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Better.com and Aurora Acquisition Corp., which agreed to a merger last year, are under investigation by the Securities & Exchange Commission (SEC) to determine whether Better has violated federal securities laws.
In an amendment to a Form S-4 Registration Statement filed Wednesday with the SEC, Aurora states that in the second quarter of 2022, “Better and Aurora each received voluntary requests for documents from the Division of Enforcement of the SEC indicating that it is conducting an investigation relating to Better to determine if violations of the federal securities laws have occurred.“
The filing continues, “The SEC has requested that Better and Aurora voluntarily provide the SEC with certain information and documents.”
According to the filing, those documents are related to:
- Certain aspects of Better’s business and operations,
- Certain matters relating to certain actions and circumstances of the Better Founder and CEO and his other business activities,
- Related party transactions, and
- Allegations made in litigation filed by Sarah Pierce, Better’s former head of sales and operations.
The filing states that Better and Aurora are cooperating with the SEC.
It adds, “As the investigation is ongoing, neither Better nor Aurora are able to predict how long it will continue or whether, at its conclusion, the SEC will bring an enforcement action against either of them and, if it does, what remedies it may seek. Regardless of the outcome, this investigation could impose a significant cost and divert resources and the attention of members of our executive management from our business.”
Pierce filed her lawsuit on June 9, claiming she was terminated in retaliation for raising concerns that the company had violated securities laws and misled investors. Filed in U.S. District Court for the Southern District of New York, the lawsuit seeks a total of $195 million in compensatory and punitive damages.
In the lawsuit, Pierce claims that after she raised concerns that CEO Vishal Garg and Better.com had violated securities laws and misled investors, the CEO and the company retaliated by “scapegoating her for the company’s deteriorating financial state” before eventually terminating her on Feb. 4, 2022.
She claims she repeatedly spoke to Garg, General Counsel Nicholas Calamari, CFO Kevin Ryan, General Counsel Paula Tuffin, and the board of directors about misleading statements Garg made about the company’s financial prospects and performance. This included a Jan. 12, 2022, “on the record” employee interview with Tuffin in which Pierce stated that Garg “had a history of providing misleading financial statements and information to investors and disregarding the notice requirements of, at least, the California Warn Act.”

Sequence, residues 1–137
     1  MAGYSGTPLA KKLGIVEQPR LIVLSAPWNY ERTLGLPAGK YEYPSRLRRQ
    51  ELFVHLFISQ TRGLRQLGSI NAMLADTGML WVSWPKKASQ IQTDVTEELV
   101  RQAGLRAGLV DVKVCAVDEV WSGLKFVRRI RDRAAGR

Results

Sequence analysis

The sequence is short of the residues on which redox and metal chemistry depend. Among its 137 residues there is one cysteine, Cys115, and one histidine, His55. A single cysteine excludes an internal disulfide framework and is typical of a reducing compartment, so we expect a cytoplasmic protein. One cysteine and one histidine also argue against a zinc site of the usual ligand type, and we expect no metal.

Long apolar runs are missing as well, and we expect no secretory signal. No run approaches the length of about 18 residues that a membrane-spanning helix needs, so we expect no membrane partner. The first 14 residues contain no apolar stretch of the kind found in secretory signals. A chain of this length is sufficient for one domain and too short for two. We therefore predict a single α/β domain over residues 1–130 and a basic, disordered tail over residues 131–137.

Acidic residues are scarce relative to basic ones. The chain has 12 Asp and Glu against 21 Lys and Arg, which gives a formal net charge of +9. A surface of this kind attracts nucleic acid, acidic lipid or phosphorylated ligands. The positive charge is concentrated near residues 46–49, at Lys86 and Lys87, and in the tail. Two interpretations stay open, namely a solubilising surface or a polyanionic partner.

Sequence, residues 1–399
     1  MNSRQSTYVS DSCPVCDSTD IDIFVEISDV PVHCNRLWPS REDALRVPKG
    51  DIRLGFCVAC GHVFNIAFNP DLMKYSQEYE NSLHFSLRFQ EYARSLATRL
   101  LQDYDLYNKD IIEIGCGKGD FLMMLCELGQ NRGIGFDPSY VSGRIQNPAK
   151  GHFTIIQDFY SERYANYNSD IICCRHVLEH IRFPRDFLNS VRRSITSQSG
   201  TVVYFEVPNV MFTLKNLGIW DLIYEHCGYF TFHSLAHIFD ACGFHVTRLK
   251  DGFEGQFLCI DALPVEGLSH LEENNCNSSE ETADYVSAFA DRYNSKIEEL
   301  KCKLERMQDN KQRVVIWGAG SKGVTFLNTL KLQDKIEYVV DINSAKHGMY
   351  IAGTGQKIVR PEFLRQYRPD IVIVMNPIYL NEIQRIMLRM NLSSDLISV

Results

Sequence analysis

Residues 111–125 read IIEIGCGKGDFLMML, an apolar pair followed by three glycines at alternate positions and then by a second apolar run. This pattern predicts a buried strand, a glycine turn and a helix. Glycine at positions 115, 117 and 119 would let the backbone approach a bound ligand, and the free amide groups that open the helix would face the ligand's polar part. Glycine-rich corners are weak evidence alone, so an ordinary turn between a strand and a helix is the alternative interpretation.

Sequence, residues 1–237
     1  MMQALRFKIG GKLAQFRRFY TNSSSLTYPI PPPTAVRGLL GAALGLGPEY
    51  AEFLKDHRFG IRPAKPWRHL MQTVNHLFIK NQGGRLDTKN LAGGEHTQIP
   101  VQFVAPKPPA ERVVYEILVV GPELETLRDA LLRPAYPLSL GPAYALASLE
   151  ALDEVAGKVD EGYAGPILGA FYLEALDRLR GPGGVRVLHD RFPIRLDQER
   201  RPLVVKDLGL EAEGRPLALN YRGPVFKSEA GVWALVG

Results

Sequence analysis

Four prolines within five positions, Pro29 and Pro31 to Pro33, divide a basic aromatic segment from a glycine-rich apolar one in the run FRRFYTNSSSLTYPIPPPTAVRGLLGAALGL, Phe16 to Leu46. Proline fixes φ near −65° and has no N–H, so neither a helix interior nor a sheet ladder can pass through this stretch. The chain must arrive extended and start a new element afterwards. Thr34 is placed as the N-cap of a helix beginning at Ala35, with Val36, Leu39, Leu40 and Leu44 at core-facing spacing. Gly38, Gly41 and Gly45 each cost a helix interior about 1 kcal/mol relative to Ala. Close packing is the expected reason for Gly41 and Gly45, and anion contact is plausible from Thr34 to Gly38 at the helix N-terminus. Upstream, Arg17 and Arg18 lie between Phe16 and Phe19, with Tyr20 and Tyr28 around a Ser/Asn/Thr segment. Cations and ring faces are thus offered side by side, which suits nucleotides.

The lawsuit specifically describes a now famous Zoom meeting held in December, in which Garg coldly announced the layoff of 900 employees. According to the lawsuit, Garg “disregarded company-approved talking points that specifically categorized the event as a reduction in force and made the event about himself.” The lawsuit adds that Garg “publicly defamed the 900 employees,” stating they had “stolen from the company,” and that the terminations “violated the notice provision of, at least, the California WARN Act.”
In addition, the lawsuit states, following that meeting Garg “began to state to the board of directors and investors that the company would achieve profitability” in the first quarter of 2022, “despite Pierce and other senior leaders explicitly stating that this outcome was not possible.”
According to company filings with the Securities & Exchange Commission, Better.com lost more than $300 million last year.
In addition, the company had previously announced plans to go public via a Special Purpose Acquisition (SPAC) transaction, in which Better Holdco Inc. would merge with Aurora Acquisition Corp., a shell company sponsored by Novator Capital. As part of that deal, a SoftBank Group subsidiary committed to make a $1.5 billion investment in the combined company. Novator also committed to investing $200 million in the merged company.
According to Pierce’s lawsuit, “Since the May 2021 SPAC transaction announcement, CEO Garg has engaged in inappropriate, and potentially illegal, conduct … intended to ensure that the SPAC transaction closes and that the investors do not exercise their contractual right to withdraw from that transaction due to material adverse change in Better’s financial condition.”
Her lawsuit adds that Garg’s conduct, “aided by General Counsel Calamari, was designed to benefit CEO Garg’s personal interests at the expense of the company’s, and its shareholders’, interests.”
In November, Better announced it would push back the date for its public listing after amending the deal with Aurora. Under terms of the new agreement, Better would immediately receive $750 million in bridge financing, and another $750 million of the equity investment would be replaced by a convertible note.
On Thursday, Better Holdco Inc. issued a news release stating that it has continued the process to become a publicly listed company through a merger with Aurora, “when Aurora submitted amendment No. 6 to its Form S-4 registration statement with the Securities & Exchange Commission. At closing, the deal is expected to unlock for the combined company $750 million in new capital.”
The news release does not mention the SEC investigation.